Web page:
The pound to euro interbank exchange rate stands at 1.1717 today. This is its highest in six months, or since May 6th.
By contrast, back on August 10th, sterling was as low as 1.0646 versus the Eurozone’s common currency. So it’s since risen by 10.06%, or by over 10.5 cents.
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Also, to check what’s influencing the value of the pound against the euro on the interbank market, go to our GBP to EUR Exchange Rate Updates page. Here, simply click on the latest article.
One reason why the pound to euro interbank exchange rate has hit this new six-month high, is because the Conservative Party has further extended its electoral lead, say the latest polls.
However, looking to the next month, sterling’s value versus the euro could be affected on the interbank market, because it’s still thought that this UK election is particularly tough to predict.
In addition, looking to this week, the GBP to EUR interbank exchange rate may be influenced, by key UK and Eurozone economic data, including the Bank of England’s Inflation Report Hearings.
Sterling Vs Euro Hits New 6-Month High, as Tories Extend Poll Lead
As I mention, one reason why the pound to euro interbank exchange rate has hit this new six-month high today is because the Conservative Party has increased its lead against the UK’s other political parties in the opinion polls.
This is ahead of the UK’s general election in just over three weeks, on December 12th. As a result, this could bring the UK a stable, majority government.
To be specific, according to trusted pollster YouGov’s poll for November 16th, the Tories stand at 45%. This is 3% higher than YouGov’s previous survey on November 8th, when Prime Minister (PM) Boris Johnson’s party was at 42%.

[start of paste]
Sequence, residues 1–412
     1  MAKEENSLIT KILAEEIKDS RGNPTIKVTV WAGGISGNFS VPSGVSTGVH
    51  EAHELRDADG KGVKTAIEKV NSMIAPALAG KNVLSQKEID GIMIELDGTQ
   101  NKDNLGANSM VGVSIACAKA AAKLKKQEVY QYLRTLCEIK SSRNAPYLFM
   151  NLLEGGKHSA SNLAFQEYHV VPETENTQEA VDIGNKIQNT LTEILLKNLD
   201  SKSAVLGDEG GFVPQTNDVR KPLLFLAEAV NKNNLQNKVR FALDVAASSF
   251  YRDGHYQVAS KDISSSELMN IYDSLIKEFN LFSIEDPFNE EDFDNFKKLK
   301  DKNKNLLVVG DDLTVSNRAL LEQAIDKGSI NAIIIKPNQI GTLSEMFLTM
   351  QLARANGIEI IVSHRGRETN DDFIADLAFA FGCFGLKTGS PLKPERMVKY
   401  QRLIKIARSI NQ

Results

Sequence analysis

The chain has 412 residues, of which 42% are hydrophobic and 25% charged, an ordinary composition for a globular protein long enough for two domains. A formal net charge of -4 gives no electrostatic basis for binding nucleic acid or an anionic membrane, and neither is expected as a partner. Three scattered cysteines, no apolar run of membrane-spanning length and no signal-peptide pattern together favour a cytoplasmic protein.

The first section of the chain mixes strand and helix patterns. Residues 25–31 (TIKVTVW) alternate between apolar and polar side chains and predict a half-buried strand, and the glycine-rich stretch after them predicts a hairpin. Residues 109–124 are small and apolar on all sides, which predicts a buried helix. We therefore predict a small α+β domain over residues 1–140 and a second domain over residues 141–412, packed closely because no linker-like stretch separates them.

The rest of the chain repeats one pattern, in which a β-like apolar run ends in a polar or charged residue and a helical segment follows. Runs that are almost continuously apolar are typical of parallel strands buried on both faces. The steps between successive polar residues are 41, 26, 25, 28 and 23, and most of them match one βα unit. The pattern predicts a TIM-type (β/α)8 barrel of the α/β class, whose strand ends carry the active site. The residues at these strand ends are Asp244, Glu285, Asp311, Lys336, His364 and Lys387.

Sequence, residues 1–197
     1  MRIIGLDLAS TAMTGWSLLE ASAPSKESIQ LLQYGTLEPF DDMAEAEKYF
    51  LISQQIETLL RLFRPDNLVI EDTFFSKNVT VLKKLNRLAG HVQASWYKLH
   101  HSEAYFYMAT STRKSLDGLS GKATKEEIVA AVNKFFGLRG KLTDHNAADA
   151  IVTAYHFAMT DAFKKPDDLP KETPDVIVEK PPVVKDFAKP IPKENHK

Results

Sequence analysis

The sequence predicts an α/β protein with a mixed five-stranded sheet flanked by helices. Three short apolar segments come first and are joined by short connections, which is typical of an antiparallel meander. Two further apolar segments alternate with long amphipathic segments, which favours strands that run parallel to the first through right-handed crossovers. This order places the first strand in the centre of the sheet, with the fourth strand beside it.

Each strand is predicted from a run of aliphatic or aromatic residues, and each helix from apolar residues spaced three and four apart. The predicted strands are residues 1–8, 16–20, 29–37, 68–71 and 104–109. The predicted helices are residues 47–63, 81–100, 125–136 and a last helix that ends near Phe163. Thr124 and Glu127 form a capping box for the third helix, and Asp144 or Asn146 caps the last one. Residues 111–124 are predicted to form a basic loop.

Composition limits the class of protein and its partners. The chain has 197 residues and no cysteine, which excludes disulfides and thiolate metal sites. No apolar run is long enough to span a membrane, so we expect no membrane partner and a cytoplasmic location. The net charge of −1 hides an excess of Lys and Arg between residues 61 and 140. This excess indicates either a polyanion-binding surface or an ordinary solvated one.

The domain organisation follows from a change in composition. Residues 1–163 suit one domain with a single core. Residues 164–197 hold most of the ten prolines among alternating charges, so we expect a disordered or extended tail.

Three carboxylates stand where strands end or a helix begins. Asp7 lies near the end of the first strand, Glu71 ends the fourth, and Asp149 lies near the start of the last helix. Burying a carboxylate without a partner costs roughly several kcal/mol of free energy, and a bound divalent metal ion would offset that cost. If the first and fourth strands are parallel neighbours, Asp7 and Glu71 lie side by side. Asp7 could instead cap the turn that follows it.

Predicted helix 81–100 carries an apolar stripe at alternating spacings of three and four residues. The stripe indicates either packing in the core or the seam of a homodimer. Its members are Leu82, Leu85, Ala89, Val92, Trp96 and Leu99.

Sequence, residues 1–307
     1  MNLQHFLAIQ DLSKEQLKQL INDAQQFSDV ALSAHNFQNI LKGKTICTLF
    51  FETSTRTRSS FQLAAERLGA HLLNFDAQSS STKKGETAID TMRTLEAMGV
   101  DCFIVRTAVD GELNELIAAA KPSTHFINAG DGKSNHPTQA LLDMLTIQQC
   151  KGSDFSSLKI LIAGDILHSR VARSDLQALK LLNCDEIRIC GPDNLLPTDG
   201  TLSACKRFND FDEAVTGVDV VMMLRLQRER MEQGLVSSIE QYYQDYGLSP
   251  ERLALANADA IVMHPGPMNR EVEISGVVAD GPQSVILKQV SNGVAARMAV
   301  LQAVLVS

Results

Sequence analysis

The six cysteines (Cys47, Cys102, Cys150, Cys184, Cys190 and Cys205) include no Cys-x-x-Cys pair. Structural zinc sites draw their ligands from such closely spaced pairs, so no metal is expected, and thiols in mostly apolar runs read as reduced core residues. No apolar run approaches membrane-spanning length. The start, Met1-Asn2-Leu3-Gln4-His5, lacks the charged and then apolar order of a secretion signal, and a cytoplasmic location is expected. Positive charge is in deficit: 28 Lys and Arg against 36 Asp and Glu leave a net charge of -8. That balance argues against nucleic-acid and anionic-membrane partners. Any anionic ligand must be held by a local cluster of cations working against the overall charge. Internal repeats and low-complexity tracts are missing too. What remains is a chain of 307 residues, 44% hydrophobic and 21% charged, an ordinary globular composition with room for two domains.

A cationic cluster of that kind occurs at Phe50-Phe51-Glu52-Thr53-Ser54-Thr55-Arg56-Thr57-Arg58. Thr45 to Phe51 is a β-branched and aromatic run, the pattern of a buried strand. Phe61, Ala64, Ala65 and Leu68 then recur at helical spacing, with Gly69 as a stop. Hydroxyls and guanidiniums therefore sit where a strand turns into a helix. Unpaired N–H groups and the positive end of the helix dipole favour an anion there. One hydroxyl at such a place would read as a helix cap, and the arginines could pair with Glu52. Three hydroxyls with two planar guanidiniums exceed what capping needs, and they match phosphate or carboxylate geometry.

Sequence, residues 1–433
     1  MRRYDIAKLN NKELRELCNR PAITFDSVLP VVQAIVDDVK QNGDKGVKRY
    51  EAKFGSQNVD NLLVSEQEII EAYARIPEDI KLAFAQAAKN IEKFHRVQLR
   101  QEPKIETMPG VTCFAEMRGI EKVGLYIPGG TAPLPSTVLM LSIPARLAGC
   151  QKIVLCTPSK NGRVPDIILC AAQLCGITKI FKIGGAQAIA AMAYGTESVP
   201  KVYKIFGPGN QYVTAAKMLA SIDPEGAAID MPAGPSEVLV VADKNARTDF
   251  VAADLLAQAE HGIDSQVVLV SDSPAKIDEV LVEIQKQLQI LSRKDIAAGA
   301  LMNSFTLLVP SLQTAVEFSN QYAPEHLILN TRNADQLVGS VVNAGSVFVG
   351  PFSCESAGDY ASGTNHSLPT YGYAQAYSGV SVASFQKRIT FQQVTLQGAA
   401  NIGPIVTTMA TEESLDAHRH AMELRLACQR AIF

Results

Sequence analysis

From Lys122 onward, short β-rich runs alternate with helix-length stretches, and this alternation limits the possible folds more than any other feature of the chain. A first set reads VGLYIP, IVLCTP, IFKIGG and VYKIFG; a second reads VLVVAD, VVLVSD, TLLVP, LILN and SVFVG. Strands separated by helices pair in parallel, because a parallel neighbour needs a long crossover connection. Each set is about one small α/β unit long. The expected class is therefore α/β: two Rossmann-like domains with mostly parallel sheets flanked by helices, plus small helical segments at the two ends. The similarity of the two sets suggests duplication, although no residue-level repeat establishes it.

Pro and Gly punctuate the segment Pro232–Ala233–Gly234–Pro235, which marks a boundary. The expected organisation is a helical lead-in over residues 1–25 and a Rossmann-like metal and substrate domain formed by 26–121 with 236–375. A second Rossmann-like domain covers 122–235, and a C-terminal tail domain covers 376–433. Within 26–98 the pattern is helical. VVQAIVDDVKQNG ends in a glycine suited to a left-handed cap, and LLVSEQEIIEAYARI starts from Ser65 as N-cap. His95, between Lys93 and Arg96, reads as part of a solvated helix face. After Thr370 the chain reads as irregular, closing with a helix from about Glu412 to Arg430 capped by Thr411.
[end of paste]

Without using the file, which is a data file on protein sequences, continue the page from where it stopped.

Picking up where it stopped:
Moreover, the main opposition Labour Party has remained constant at 28%, says YouGov. This means that the Tories’ lead has increased by 3%, up to 17%.
The financial markets believe that YouGov’s polls are especially significant, because YouGov was the only company to accurate predict 2017’s general election result.
Back then, former PM Theresa May’s poll lead fell from 17% to 2% in a matter of weeks. This left Mrs. May without a majority of MPs in Parliament, and dependent on Northern Ireland’s Democratic Unionist Party.
So sterling has risen following YouGov’s latest survey, first because investors have special confidence in YouGov’s polls.
Second, it’s traditionally the case that, if the first-place political party has a lead of 10% over its nearest opponent, this grants the winning party a majority of MPs. This enables that party to form a stable government, without depending on smaller parties to pass laws.
In particular, it’s thought that the Tories’ lead in the polls has widened, because last week, we learnt that Nigel Farage’s Brexit Party won’t compete with the Conservatives for many seats.
Mr. Farage has announced that he won’t field candidates in the 317 seats that the Tories won in 2017, nor in 43 seats where the Conservatives came second last time, lifting the odds of a Tory majority.
It’s thought that, if Mr. Farage’s Brexit Party doesn’t compete with the Conservatives, this increases the probability of a Tory majority, because the so-called ‘Leave’ vote won’t be split.
This is to say, people who voted ‘Leave’ in the 2016 Brexit referendum will only have the Tories to vote for, rather than Mr. Farage’s party too.
This has strengthened the pound, because the financial markets generally want the UK to have a stable, majority government. After all, this will provide clarity about the UK’s future Brexit stance, as well as the UK’s economic and political direction.
This could give reassurance to British businesses, encouraging them to hire and invest, and so supporting the UK’s economic growth.
For example, Paul Meggyesi, an analyst with JP Morgan, says that "The most bullish scenario for GBP given our assessment of these issues is likely to be a large Conservative majority, in line with the current opinion polls.”
“Yes this would deliver Brexit but [PM] Johnson would have the political wiggle room to slowly dilute the relatively hard Brexit currently envisaged,” adds Mr. Meggyesi. So this has boosted sterling.
Pound Euro Exchange Rate May Be Affected, as UK Election Result Uncertain
However, looking over the next three weeks or so, the sterling vs euro interbank exchange rate could be influenced, because it’s still thought that the UK election is particularly difficult to predict.
This is in spite of the fact that the Conservatives have increased their opinion poll lead, according to YouGov’s latest survey. So this uncertainty could affect sterling up to the December 12th vote.
It's thought that this UK general election is especially tough to forecast, first because, as I mention, in 2017 former PM Theresa May fell from a 17% poll lead to 2% in only a few weeks.